Gatwick is the UK’s second busiest airport.
One in five flights that come and go are British Airways flights.
At peak times of the year BA operates 180 flights a day from the airport.
For now the BA fleet here is grounded.
In an email to staff, Adam Carson, the airline’s Managing Director at Gatwick, wrote: “As you know, we suspended our Gatwick flying schedule at the start of April and there is no certainty as to when or if these services can or will return.”
On Tuesday, BA warned that the company has never seen a downturn this deep before, that a recovery would take years and that the airline needed to shrink to match the anticipated slump in demand for air travel.
The airline said it planned to lay off up to a quarter of the workforce.
According to the unions, in addition to making 12,000 people redundant, British Airways also wants its 30,000 other staff to accept less generous terms and conditions and, in many cases, lower pay.
We have seen correspondence from British Airways informing cabin crew, engineers, head office, terminal and call centre staff, that they will be dismissed if agreement on the proposed changes can't be reached.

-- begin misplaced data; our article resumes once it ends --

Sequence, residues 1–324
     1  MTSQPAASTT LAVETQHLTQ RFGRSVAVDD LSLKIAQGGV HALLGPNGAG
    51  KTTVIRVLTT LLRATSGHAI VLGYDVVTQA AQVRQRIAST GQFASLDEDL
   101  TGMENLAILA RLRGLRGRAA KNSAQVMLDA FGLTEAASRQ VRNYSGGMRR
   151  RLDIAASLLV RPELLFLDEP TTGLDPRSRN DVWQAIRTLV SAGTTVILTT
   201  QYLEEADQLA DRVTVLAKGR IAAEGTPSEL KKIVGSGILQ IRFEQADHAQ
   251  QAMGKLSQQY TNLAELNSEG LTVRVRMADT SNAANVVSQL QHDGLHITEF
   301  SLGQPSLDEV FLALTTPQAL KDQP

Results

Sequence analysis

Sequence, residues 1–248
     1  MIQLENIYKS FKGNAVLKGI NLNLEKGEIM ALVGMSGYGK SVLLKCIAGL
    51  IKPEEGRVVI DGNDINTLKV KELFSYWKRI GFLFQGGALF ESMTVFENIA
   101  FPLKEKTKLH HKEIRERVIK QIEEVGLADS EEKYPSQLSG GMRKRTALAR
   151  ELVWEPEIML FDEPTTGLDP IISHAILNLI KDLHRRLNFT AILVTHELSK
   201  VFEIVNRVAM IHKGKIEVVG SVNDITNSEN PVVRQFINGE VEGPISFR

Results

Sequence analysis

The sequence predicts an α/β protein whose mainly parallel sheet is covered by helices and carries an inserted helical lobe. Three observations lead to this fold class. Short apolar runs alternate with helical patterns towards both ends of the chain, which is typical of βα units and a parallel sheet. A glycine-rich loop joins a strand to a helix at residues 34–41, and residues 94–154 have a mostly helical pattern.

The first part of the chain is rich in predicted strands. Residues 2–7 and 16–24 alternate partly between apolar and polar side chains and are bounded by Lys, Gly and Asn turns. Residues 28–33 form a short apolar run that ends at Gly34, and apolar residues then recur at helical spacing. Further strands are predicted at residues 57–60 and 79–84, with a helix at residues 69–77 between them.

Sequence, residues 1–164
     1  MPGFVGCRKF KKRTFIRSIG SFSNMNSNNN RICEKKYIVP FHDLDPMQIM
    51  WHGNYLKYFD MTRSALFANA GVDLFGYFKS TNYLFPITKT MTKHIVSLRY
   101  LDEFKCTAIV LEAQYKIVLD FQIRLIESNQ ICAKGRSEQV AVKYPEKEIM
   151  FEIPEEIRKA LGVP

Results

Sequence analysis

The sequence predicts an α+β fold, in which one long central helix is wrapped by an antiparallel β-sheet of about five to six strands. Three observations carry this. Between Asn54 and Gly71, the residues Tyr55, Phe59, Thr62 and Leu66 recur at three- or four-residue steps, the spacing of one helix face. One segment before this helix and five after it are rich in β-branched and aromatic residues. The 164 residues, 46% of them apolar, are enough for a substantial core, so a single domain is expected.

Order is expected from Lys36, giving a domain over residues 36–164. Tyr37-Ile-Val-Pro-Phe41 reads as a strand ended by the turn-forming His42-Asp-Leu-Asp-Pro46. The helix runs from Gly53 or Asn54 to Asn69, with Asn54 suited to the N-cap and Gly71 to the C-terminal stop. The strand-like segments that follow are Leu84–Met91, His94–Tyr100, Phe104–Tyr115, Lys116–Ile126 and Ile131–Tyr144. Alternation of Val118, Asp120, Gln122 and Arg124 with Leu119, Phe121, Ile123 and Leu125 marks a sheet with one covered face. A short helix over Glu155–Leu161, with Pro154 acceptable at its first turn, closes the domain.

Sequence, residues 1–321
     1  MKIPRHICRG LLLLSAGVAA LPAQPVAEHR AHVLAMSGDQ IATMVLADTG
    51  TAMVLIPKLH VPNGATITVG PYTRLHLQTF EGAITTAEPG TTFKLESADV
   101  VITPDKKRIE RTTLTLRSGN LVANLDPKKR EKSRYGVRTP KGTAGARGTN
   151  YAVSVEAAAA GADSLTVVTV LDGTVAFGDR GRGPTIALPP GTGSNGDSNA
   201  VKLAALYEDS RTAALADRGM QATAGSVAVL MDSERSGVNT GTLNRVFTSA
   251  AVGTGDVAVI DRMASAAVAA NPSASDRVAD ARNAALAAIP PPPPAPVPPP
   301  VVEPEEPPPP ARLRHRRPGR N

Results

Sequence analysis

Interestingly, the company does not make the same threat to pilots.
Tonight the head of the Unite Union, Len McCluskey accused BA of opportunism.
“They’ve told the whole workforce ‘sign worse contracts, take less pay or you will be sacked’.
"BA is using this crisis to make the airline richer.
"They are a disgrace,” Mr McClusky said.
“They obviously believe that this is when the workforce is at their weakest and they can take advantage of it.
"Well, they’ll be in for a rude awakening because the anger from all of our members will be incredibly strong."
British Airways declined to comment
Two days ago the chief executive, Alex Cruz, insisted the airline needed to “act decisively now to ensure that British Airways has a strong future”.
It’s now clear that the proposed cuts are even more drastic that first thought.